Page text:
Today we’ll look at Oil Search Limited (ASX:OSH) and reflect on its potential as an investment. In particular, we’ll consider its Return On Capital Employed (ROCE), as that can give us insight into how profitably the company is able to employ capital in its business.
Firstly, we’ll go over how we calculate ROCE. Next, we’ll compare it to others in its industry. Then we’ll determine how its current liabilities are affecting its ROCE.
Return On Capital Employed (ROCE): What is it?
ROCE measures the ‘return’ (pre-tax profit) a company generates from capital employed in its business. Generally speaking a higher ROCE is better. Ultimately, it is a useful but imperfect metric. Author Edwin Whiting says to be careful when comparing the ROCE of different businesses, since ‘No two businesses are exactly alike.
How Do You Calculate Return On Capital Employed?
Analysts use this formula to calculate return on capital employed:
Return on Capital Employed = Earnings Before Interest and Tax (EBIT) ÷ (Total Assets – Current Liabilities)
Or for Oil Search:
0.062 = US$648m ÷ (US$12b – US$1.1b) (Based on the trailing twelve months to December 2019.)
So, Oil Search has an ROCE of 6.2%.
Does Oil Search Have A Good ROCE?
When making comparisons between similar businesses, investors may find ROCE useful. It appears that Oil Search’s ROCE is fairly close to the Oil and Gas industry average of 6.6%. Setting aside the industry comparison for now, Oil Search’s ROCE is mediocre in absolute terms, considering the risk of investing in stocks versus the safety of a bank account. Readers may find more attractive investment prospects elsewhere.
In our analysis, Oil Search’s ROCE appears to be 6.2%, compared to 3 years ago, when its ROCE was 4.3%. This makes us think the business might be improving. The image below shows how Oil Search’s ROCE compares to its industry, and you can click it to see more detail on its past growth.
When considering this metric, keep in mind that it is backwards looking, and not necessarily predictive. ROCE can be misleading for companies in cyclical industries, with returns looking impressive during the boom times, but very weak during the busts. ROCE is, after all, simply a snap shot of a single year. We note Oil Search could be considered a cyclical business. Future performance is what matters, and you can see analyst predictions in our free report on analyst forecasts for the company.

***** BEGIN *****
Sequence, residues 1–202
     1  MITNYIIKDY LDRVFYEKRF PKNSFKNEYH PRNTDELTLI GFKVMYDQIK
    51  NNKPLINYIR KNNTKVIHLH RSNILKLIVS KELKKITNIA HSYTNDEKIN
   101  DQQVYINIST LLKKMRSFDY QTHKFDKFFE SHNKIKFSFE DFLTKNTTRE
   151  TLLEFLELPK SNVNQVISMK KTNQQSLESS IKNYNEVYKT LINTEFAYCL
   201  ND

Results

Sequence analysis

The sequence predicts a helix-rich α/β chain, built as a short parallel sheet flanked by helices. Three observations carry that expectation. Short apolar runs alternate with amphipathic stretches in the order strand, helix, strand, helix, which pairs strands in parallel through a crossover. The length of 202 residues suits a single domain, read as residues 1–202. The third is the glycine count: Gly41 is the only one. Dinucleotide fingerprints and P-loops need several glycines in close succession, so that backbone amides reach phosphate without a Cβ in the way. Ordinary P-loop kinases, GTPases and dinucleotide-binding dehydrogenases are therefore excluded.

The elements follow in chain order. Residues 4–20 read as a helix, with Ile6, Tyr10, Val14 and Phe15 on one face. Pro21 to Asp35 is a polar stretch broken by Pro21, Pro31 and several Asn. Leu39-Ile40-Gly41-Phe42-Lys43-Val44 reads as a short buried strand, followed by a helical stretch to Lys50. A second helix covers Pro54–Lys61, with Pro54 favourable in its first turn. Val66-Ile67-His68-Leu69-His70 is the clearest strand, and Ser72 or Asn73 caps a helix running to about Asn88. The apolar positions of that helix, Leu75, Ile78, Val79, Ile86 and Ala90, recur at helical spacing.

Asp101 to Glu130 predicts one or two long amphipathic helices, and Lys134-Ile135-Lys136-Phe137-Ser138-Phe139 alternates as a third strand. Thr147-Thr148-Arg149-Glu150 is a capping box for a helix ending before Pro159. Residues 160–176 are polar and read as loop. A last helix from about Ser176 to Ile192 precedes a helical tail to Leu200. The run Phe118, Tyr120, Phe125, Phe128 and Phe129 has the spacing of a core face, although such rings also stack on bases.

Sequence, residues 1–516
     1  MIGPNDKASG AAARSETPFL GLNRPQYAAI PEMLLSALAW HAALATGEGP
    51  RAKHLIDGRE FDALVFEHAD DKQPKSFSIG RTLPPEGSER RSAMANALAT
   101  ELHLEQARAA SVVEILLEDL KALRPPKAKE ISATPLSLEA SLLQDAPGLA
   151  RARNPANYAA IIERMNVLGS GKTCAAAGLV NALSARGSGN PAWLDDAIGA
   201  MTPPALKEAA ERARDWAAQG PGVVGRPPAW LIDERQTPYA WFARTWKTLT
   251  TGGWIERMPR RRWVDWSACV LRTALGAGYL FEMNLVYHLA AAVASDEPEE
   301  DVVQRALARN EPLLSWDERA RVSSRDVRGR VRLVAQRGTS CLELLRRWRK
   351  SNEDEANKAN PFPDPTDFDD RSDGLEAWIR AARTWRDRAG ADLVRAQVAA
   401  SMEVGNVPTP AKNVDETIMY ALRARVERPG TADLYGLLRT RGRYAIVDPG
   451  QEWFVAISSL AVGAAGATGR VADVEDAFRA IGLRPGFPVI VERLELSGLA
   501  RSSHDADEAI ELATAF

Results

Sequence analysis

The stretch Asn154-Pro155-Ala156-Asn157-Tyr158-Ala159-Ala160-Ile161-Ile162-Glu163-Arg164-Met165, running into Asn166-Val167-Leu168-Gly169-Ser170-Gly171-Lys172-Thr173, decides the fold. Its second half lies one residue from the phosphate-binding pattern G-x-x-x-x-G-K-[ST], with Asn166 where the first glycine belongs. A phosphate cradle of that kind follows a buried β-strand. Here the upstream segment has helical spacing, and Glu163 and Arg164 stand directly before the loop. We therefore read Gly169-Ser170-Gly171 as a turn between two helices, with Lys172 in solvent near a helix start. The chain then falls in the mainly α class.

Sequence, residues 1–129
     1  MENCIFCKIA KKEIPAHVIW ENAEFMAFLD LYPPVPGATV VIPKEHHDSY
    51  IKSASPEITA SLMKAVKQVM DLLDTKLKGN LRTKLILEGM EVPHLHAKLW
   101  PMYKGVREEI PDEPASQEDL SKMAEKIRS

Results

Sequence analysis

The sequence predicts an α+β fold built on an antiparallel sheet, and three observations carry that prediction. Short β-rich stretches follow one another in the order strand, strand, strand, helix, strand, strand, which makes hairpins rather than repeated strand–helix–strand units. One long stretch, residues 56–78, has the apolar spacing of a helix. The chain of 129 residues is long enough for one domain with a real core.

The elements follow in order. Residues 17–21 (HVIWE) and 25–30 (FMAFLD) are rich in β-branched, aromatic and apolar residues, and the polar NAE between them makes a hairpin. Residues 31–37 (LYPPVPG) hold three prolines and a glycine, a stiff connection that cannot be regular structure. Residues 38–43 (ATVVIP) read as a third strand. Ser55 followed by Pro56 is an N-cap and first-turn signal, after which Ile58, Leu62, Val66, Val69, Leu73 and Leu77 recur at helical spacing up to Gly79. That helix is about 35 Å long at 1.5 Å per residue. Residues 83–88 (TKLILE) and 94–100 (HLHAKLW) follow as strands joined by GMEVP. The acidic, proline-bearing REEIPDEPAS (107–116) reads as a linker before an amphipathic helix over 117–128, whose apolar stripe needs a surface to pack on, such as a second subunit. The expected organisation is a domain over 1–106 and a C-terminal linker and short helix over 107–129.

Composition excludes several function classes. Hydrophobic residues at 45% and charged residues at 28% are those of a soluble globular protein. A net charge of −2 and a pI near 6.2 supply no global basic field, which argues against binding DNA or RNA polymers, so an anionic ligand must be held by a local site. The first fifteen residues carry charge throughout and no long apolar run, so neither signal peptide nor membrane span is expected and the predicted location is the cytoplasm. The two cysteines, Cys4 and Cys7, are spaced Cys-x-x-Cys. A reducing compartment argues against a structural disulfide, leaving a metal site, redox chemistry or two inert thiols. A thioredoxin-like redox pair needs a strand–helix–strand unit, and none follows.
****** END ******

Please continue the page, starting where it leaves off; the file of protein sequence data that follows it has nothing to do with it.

Do Oil Search’s Current Liabilities Skew Its ROCE?
Short term (or current) liabilities, are things like supplier invoices, overdrafts, or tax bills that need to be paid within 12 months. Due to the way ROCE is calculated, a high level of current liabilities makes a company look as though it has less capital employed, and thus can (sometimes unfairly) boost the ROCE. To check the impact of this, we calculate if a company has high current liabilities relative to its total assets.
Oil Search has current liabilities of US$1.1b and total assets of US$12b. As a result, its current liabilities are equal to approximately 9.7% of its total assets. Oil Search has a low level of current liabilities, which have a minimal impact on its uninspiring ROCE.
What We Can Learn From Oil Search’s ROCE
Based on this information, Oil Search appears to be a mediocre business. Of course, you might also be able to find a better stock than Oil Search. So you may wish to see this free collection of other companies that have grown earnings strongly.
Oil Search is not the only stock insiders are buying. So take a peek at this free list of growing companies with insider buying.
If you spot an error that warrants correction, please contact the editor at email@example.com. This article by Simply Wall St is general in nature. It does not constitute a recommendation to buy or sell any stock, and does not take account of your objectives, or your financial situation. Simply Wall St has no position in the stocks mentioned.
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